Also directly across from the property in question and north of the Shell station is a two-story structure used as a retail store for the sale of poultry. This is located in the "R-3" zone in the Village of Willowbrook. To the north of the poultry establishment is an unfinished residence for which a building permit was issued in 1953. To the south across 75th Street is a residence and on the west side of Route 83 to the south are seven or eight residences of modest value. These houses do not face on Route 83 but front in the opposite direction. The evidence shows that there was no residential construction along the west side of Route 83 south of the property in question for 10 or 12 years.
Across from the property in question and west on the south side of 75th Street there is vacant property and five or six homes located in an area 600 to 800 feet from Route 83. The home directly across from the property in question is 10 or 12 years old and the other homes are at least 20 years old. There is also approximately one mile of vacant land directly west of the property in question on the north side of 75th Street and approximately one mile west is a parochial grammar school of recent construction. The first street north of 75th Street is a short street which runs one block west from Route 83 and then curves to the north for one block. There are several homes built facing on it averaging in value about $15,000 with one directly north of the property in question being of somewhat higher value. North from the property in question on Plainfield Road approximately three-quarters of a mile, the property on the west side of Route 83 is zoned "R-3" and is developed for residential use.
Plaintiff plans to construct a gasoline service station on the property in question and in order to screen the property from the back of the residence directly to the north agreed to install planter areas. There was a conflict of evidence as to whether there would be a depreciation in property values if the premises in question were used as contemplated by the plaintiff. The evidence indicated, as is usually the case in such situations, that the value of the premises for residential use was relatively low (in the neighborhood of $3,000) and that the value of the premises if developed as a gasoline service station was quite substantial (ranging from $25,000 to $40,000). There was also some conflict in the evidence as to whether the property under consideration could be used or developed for residential purposes.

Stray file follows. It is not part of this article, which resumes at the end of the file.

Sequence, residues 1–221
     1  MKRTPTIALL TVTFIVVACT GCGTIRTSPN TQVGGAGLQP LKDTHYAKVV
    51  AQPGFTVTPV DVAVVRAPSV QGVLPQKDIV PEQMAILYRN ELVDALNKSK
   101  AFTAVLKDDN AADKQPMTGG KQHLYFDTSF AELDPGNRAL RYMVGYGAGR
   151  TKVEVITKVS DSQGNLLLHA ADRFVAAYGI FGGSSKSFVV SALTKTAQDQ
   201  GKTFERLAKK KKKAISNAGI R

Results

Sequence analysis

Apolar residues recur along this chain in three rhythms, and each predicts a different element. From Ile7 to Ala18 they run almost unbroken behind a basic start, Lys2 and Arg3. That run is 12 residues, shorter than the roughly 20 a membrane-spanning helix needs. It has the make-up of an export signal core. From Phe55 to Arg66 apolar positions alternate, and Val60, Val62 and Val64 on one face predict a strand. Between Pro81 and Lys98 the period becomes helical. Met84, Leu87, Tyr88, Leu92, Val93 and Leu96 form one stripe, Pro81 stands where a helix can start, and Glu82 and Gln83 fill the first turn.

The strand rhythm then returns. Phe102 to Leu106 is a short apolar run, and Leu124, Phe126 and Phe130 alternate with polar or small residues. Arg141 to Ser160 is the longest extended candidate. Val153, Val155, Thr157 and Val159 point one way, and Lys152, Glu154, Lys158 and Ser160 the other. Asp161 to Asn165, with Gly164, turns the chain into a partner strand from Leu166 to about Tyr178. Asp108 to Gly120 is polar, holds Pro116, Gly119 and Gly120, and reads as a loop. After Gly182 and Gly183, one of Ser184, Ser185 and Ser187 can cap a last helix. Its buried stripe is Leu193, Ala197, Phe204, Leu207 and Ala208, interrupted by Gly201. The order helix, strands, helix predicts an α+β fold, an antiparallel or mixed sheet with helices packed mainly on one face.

On appeal in this court, the County contends that the classification of the property in question was a legislative determination and that the plaintiff has not discharged the burden of proof to establish that the ordinance was unreasonable, arbitrary or capricious as to its property. In support of this position, the County points out that zoning must begin and end somewhere and that the zoning is in conformity with surrounding and existing uses.
[1-4] The fixing of boundary lines for zoning purposes, unless arbitrary or capricious, is a matter of legislative judgment and a street may properly form an appropriate boundary of zoning districts (Cosmopolitan Nat. Bank of Chicago v. City of Chicago, 22 Ill.2d 367, 176 N.E.2d 795; Bennett v. City of Chicago, 24 Ill.2d 270, 181 N.E.2d 96). The basic question is always whether the property under consideration is zoned in conformity with the surroundings and existing uses (Ryan v. County of DuPage, 28 Ill.2d 196, 190 N.E.2d 737; Bennett v. City of Chicago, supra). It is also clear that where there is a legitimate difference of opinion as to whether a particular ordinance is reasonable as applied to a particular property, the courts should not disturb the ordinance but leave it to legislative determination (Wehrmeister v. County of DuPage, 10 Ill.2d 604, 141 N.E.2d 26; Schwartz v. City of Chicago, 19 Ill.2d 62, 166 N.E.2d 59).